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Facebook Forces Mobile App Users To Download The Messenger App

Facebook has a knack of releasing multiple apps covering the totality of its services. While the messaging functionality is available in the main Facebook app right now, the company is now removing it, forcing users to download its Messenger app too.


Facebook Messenger

Facebook for iOS and Android allowed users to send and receive inbox messages until now. However, the company has been trying to turn its messages section into a standalone chat app altogether, hence the ‘online’ icons and a separate Messenger app.

Until now, the Messenger app was optional. I was among the many users who chose to stuck with the main Facebook app and use messages from within it, rather than downloading yet another Facebook app. But Facebook is taking away that choice now. The social network has started notifying its iOS and Android users that they will no longer have the option of sending or receiving messages through the main app.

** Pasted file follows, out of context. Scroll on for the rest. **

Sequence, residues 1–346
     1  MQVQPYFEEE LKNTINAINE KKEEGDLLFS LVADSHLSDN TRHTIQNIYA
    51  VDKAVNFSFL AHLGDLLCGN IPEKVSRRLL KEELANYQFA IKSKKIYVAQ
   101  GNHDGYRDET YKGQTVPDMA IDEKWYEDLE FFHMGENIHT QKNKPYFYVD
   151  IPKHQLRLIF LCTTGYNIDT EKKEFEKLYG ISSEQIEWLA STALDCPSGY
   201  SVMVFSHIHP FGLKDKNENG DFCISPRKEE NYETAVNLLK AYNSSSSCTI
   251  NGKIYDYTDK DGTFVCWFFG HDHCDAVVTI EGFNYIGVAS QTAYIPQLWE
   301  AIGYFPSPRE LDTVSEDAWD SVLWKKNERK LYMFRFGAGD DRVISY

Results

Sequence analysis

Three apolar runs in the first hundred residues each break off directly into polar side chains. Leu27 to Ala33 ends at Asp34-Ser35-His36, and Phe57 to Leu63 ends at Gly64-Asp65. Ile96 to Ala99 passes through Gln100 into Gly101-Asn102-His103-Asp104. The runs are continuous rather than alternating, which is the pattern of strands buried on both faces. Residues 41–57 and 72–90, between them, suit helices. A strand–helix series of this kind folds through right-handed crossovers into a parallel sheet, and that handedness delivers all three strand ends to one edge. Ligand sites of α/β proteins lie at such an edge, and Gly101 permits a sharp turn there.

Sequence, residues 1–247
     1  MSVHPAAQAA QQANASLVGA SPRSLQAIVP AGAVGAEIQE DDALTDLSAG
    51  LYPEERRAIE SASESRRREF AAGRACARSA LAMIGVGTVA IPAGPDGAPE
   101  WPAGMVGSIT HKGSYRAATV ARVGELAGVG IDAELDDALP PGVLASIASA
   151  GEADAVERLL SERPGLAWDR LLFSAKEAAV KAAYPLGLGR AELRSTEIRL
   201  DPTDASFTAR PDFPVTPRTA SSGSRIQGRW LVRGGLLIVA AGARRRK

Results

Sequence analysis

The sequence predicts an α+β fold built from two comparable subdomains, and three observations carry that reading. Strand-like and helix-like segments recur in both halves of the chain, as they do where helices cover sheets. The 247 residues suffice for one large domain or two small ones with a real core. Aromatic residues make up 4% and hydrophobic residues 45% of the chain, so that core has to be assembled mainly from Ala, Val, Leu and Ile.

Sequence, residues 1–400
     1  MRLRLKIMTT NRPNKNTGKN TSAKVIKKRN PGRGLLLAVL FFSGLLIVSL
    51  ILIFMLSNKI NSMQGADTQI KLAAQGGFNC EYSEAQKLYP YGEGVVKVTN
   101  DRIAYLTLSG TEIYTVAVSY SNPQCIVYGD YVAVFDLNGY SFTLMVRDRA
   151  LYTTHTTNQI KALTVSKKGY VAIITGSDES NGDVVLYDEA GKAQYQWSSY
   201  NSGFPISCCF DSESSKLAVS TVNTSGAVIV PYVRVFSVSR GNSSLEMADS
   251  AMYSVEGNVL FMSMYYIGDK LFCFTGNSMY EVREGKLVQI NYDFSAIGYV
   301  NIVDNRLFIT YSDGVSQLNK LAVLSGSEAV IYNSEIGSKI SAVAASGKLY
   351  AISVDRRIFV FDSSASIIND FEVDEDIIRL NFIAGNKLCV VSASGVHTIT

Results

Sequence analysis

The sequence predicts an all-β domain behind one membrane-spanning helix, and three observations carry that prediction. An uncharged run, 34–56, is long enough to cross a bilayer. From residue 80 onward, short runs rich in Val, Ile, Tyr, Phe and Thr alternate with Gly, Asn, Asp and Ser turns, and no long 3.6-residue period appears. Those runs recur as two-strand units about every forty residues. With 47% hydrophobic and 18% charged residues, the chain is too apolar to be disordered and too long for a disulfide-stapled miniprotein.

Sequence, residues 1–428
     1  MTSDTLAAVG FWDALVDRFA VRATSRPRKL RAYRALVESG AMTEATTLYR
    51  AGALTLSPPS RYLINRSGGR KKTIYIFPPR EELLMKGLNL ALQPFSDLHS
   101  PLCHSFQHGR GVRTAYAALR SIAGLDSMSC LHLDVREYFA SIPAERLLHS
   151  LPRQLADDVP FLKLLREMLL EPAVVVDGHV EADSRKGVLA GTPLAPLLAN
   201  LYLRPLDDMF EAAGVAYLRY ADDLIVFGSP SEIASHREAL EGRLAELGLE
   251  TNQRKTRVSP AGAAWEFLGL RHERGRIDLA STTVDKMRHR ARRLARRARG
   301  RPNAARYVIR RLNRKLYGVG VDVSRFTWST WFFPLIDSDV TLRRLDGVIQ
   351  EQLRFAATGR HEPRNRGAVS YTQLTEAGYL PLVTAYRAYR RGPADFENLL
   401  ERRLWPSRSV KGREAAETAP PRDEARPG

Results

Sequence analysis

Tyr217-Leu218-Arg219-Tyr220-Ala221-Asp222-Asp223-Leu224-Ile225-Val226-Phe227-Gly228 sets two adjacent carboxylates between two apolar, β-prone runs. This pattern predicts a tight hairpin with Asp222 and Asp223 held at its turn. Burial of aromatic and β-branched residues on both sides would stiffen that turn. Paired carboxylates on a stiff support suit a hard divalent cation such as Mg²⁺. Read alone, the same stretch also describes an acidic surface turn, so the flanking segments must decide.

In other words, if you want to use Facebook messages on your smartphone, you will inevitably have to download the Messenger app now. The earliest to be hit with this announcement are users in Europe. The users who have received it have been told that they have two weeks before they will no longer have access to the Messages section on their main Facebook app.

Facebook’s CEO Mark Zuckerberg foretold this strategy back in November last year. According to him, “The other thing that we’re doing with Messenger is making it so once you have the standalone Messenger app, we are actually taking messaging out of the main Facebook app. And the reason why we’re doing that is we found that having it as a second-class thing inside the Facebook app makes it so there’s more friction to replying to messages, so we would rather have people be using a more focused experience for that.

The fact that the migration to the new Messenger app is not a choice but a necessity, is certainly an unwise move on the part of Facebook. And it will ultimately determine whether Messenger takes off as the WhatsApp of the internet or it flounders in popularity and loses the game.

Courtesy: TechCrunch

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